Review

Ask The Parrot

by Richard Stark



Commencing over a quarter-century ago, Richard Stark's Parker
series has been a reliably dark, existential template of how the
task of genre writing should be performed. While each volume is
carried by a comfortably predictable plotline --- Parker commits a
crime, escapes jeopardy and commits another crime --- there is a
rough, unpredictable thread running through each and every
paragraph, a hint that this, or perhaps the next, event that takes
place may spell the end to Parker and to the series.


Stark's prose in ASK THE PARROT is consistent with his other work;
it is not grandiose, but its clean, dark narrative voice compels
and propels. Though the book picks up where 2004's NOBODY RUNS
FOREVER leaves off, it is not necessary to have read that work or,
for that matter, any of the previous Parker novels to fully
appreciate what occurs here. You learn all you need to know almost
immediately: Parker is a bad guy who does bad things when he has to
and kills when he must; he is the ultimate pragmatist without
regret. Stark, as is his wont, has teased and toyed with classic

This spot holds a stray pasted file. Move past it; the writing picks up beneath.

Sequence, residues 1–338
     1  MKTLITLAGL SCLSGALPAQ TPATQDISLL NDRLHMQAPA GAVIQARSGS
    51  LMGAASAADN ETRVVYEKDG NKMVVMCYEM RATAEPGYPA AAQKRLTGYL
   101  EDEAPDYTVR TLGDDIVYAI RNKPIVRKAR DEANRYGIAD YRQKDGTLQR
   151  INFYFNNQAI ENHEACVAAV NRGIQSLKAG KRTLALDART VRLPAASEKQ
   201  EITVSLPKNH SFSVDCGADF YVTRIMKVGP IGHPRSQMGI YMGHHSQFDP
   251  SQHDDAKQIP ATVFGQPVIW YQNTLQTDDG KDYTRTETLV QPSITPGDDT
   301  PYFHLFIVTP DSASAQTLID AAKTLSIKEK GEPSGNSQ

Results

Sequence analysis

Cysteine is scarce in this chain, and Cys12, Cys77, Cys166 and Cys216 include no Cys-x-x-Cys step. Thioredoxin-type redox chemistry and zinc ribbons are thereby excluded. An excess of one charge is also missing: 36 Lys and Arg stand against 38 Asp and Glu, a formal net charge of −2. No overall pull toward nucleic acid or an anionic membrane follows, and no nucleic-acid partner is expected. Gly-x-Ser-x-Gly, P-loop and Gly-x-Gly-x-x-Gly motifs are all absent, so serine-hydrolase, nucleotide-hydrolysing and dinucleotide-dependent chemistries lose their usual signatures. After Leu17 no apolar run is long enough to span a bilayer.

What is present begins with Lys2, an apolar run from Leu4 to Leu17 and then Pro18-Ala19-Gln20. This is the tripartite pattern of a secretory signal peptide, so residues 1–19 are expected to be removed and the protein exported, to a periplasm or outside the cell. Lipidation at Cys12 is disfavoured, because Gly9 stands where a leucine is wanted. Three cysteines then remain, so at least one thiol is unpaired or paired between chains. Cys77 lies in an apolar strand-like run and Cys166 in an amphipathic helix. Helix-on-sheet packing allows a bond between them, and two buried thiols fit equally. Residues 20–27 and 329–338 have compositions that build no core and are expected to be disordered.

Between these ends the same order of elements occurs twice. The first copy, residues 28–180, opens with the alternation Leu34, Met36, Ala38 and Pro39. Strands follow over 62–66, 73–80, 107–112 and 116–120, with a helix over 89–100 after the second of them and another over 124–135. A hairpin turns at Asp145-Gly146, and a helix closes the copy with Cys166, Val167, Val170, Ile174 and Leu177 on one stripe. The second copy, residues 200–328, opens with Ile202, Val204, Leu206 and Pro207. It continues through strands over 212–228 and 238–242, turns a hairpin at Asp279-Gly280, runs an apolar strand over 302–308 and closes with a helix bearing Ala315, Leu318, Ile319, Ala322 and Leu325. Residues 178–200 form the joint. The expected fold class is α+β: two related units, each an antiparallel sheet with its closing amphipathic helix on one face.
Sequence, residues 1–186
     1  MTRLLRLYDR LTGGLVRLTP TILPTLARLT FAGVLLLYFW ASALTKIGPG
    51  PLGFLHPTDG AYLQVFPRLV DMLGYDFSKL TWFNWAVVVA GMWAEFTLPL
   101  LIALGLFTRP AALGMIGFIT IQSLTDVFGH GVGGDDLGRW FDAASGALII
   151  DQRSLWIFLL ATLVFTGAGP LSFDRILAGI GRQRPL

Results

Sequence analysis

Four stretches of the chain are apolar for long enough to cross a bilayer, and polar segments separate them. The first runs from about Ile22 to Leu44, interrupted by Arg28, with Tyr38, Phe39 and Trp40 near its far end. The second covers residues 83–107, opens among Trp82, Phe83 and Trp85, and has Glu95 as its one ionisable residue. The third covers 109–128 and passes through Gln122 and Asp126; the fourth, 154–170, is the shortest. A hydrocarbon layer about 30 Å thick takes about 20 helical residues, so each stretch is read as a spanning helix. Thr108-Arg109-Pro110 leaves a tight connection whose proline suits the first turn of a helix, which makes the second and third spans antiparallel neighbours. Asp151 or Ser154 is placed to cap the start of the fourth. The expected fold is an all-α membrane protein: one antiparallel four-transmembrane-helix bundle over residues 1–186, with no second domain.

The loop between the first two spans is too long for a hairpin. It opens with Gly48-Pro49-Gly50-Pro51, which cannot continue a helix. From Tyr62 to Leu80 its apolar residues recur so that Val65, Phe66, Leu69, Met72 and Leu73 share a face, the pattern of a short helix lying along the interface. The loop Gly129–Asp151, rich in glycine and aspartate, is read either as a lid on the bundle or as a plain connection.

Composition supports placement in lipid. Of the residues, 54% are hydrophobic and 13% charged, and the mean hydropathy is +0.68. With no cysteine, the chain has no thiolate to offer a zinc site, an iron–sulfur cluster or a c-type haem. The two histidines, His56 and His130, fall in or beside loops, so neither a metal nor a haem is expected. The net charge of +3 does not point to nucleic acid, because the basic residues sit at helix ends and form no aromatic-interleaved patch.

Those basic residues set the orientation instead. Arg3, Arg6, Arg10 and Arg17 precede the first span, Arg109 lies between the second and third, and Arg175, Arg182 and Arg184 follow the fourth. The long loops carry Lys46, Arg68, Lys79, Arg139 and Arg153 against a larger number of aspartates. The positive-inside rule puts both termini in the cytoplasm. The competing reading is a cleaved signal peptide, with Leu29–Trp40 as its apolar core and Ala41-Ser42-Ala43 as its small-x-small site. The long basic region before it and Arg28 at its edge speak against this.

plot devices in prior Parker novels, and does so once again in ASK
THE PARROT.


In a brilliant maneuver, Stark (aka Mystery Writers of America's
Grand Master Donald E. Westlake) introduces a deus ex
machina
character named Tom Lindahl at the beginning of the
story. Lindahl rescues Parker from almost certain capture by the
authorities, who are pursuing Parker in the aftermath of a
disastrous bank heist. Lindahl is leading a bitterly reclusive
existence in rural Massachusetts, nursing anger and plotting
revenge against his former employer, a race track that fired him
when he discovered and revealed financial improprieties that were
taking place on the premises. He has a strategy to gain a cold
measure of revenge against the track, but he lacks the nerve to
execute it.


When fate deposits Parker practically at Lindahl's doorstep, it is
as if Lindahl's prayers have been answered. Parker is intrigued
with Lindahl's story and his plan, but Parker still has to contend
with the manhunt that swirls around him (count Parker's evasion
plan as another stroke of genius on the author's part), as well as
Lindahl's occasionally surfacing reticence, and twin brothers who
aren't smart enough to track a train but nonetheless recognize
Parker for who, if not what, he is.


One senses after reading ASK THE PARROT that Parker's extended run
of luck could be coming to an end, though this might occur in any
number of ways, with various results. The only certainty one might
anticipate is that such an ending, should it ever happen, will not
be predictable in occurrence or outcome. We can only hope that this
takes place later rather than sooner.


   










Reviewed by Joe Hartlaub on December 22, 2010

Ask The Parrot
by Richard Stark

  • Publication Date: November 23, 2006
  • Genres: Fiction, Thriller
  • Hardcover: 288 pages
  • Publisher: Mysterious Press
  • ISBN-10: 089296068X
  • ISBN-13: 9780892960682